Defining the geographic heart of this sprawling city is a difficult proposition. Observationally, Istanbul seems to be a collection of centers. Each center defined by monumental landmarks that are geographically divided from one another. Separated by epoch, mood and datum, each remain magnetically connected, both visually and cognitively, by the spatial breadth and panoramic expanse of big water.
In a city of narrow winding streets, often audaciously steep in nature, the eye constantly seeks the orientation provided by the crowning architectural moments that mark neighborhoods, while visually seeking the river, which is the primary artery and the connector to a triad of divided land masses. The view to water and view from landmark to landmark is the penultimate key to locate your position in this landscape, as well as the defining path guide as you move from point to point.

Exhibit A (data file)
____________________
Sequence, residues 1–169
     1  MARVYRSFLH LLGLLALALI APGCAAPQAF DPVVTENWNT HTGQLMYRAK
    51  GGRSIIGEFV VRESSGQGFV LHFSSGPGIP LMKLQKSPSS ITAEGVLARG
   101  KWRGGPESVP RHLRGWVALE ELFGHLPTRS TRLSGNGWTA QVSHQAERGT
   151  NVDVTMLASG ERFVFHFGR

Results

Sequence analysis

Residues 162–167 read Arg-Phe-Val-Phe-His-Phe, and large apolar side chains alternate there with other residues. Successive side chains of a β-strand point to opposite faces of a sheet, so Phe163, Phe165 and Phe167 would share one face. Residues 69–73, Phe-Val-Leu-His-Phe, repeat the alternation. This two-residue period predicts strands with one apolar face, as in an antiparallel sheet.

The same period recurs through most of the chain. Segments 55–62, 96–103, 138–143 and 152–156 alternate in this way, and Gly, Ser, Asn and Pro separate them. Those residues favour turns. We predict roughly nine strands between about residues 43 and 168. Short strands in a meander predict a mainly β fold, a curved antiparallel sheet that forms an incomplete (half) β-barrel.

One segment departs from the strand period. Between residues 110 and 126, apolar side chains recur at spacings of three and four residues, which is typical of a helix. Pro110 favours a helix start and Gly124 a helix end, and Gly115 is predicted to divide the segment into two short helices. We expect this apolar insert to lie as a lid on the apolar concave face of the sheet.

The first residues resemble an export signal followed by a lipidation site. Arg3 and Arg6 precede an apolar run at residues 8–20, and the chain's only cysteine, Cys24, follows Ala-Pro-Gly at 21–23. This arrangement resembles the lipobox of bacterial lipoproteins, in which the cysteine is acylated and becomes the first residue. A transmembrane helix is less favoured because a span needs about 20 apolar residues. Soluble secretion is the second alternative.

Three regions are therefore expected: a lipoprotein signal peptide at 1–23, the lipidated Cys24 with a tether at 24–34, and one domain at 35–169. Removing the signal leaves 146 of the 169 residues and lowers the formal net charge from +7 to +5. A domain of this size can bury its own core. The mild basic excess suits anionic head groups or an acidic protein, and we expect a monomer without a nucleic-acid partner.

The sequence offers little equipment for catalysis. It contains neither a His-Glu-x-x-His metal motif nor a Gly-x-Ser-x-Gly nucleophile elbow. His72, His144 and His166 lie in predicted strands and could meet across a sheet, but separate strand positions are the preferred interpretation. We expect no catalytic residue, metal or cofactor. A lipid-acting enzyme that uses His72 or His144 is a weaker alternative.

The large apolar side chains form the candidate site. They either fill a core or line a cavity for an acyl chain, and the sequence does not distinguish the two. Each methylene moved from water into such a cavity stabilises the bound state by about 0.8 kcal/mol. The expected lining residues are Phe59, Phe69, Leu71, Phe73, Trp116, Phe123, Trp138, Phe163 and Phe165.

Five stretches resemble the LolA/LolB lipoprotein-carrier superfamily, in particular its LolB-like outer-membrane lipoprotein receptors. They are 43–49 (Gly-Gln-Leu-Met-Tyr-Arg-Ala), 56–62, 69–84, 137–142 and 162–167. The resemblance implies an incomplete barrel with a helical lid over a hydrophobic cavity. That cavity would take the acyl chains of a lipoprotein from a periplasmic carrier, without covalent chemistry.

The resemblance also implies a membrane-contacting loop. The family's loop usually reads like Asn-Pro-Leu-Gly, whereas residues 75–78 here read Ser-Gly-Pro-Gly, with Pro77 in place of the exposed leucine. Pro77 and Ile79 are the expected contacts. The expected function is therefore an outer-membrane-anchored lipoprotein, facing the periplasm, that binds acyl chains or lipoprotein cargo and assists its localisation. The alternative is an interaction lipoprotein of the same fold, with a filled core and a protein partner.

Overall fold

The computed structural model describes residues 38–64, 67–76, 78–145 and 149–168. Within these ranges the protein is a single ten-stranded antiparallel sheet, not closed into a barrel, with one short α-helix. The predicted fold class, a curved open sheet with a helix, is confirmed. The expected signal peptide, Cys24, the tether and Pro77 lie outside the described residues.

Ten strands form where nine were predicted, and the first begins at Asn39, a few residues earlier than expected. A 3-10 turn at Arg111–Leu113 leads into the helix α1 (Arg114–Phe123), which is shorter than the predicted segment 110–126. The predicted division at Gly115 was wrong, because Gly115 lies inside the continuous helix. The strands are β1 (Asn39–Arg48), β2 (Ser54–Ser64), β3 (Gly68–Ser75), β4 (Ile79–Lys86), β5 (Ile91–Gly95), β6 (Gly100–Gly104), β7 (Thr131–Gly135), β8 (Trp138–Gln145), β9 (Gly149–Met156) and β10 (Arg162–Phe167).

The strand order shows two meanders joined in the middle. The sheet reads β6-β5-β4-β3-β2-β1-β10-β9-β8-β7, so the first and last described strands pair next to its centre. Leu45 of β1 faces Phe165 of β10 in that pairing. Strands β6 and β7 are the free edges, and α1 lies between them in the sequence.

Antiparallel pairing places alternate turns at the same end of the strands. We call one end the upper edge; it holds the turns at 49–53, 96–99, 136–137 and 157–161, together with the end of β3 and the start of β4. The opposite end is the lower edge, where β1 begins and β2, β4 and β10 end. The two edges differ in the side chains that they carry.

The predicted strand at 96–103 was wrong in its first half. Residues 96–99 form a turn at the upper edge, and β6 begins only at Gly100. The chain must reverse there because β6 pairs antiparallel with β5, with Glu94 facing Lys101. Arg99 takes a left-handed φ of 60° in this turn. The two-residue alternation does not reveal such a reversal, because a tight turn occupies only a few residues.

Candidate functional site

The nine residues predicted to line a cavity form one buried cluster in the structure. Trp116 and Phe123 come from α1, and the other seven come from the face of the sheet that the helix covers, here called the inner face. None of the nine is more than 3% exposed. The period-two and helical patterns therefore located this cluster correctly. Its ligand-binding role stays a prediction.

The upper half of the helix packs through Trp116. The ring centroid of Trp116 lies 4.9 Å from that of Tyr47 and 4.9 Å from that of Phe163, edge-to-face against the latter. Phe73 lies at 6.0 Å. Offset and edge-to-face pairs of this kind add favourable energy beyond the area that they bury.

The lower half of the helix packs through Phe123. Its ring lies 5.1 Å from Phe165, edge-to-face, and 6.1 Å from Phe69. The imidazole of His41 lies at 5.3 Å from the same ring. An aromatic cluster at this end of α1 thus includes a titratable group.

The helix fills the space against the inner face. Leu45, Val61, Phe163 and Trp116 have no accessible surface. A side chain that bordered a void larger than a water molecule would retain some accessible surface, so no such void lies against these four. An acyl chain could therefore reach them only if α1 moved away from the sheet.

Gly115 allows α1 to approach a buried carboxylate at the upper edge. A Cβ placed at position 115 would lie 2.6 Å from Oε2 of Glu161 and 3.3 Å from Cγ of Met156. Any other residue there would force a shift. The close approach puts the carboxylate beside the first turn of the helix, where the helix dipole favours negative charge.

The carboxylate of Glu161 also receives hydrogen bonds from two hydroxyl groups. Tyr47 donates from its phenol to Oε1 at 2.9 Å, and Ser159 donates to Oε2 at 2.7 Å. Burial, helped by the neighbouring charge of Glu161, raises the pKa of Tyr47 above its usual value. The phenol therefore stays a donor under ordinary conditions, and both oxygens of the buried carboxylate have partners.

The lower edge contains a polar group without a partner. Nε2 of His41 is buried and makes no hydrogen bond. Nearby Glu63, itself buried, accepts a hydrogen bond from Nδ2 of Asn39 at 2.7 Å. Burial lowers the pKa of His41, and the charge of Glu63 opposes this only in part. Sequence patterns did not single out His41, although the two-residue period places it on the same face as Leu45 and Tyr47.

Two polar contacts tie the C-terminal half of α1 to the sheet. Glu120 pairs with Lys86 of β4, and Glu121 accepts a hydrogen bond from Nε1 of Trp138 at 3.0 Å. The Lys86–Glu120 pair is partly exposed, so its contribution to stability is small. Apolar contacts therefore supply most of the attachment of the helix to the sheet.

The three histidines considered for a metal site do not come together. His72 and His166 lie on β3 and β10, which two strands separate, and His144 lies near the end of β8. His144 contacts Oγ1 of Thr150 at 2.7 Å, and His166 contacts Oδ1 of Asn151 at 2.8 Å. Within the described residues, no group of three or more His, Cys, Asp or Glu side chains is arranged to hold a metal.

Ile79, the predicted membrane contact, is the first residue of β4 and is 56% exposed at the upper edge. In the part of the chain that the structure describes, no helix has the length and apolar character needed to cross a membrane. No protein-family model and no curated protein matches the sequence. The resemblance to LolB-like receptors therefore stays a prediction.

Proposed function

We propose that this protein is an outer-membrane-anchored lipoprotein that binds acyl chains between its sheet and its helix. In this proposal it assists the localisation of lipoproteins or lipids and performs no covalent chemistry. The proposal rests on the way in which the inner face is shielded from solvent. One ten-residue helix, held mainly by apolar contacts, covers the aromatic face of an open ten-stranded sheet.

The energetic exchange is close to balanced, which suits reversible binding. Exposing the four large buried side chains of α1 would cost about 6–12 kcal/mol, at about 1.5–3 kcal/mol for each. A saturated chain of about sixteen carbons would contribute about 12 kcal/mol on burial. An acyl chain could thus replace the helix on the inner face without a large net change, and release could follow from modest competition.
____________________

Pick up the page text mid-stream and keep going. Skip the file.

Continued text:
Additionally, the unique architectural landmarks resting on the crests of these landforms or sited on the river front preview personalities that show the city to be one of distinct contrasts; open, compressed, low, high, steep, flat, rough, sleek, ancient and yet simultaneously connected to the moment. The river corridor provides the grand boulevard of movement and is a (the) primary locus of larger urban public engagement. Alternatively, the tentacles of streets and path that emanate from the water’s edge melt into maze and mystery, are often compact in spatial dimension and facilitate intimate transactional relationships.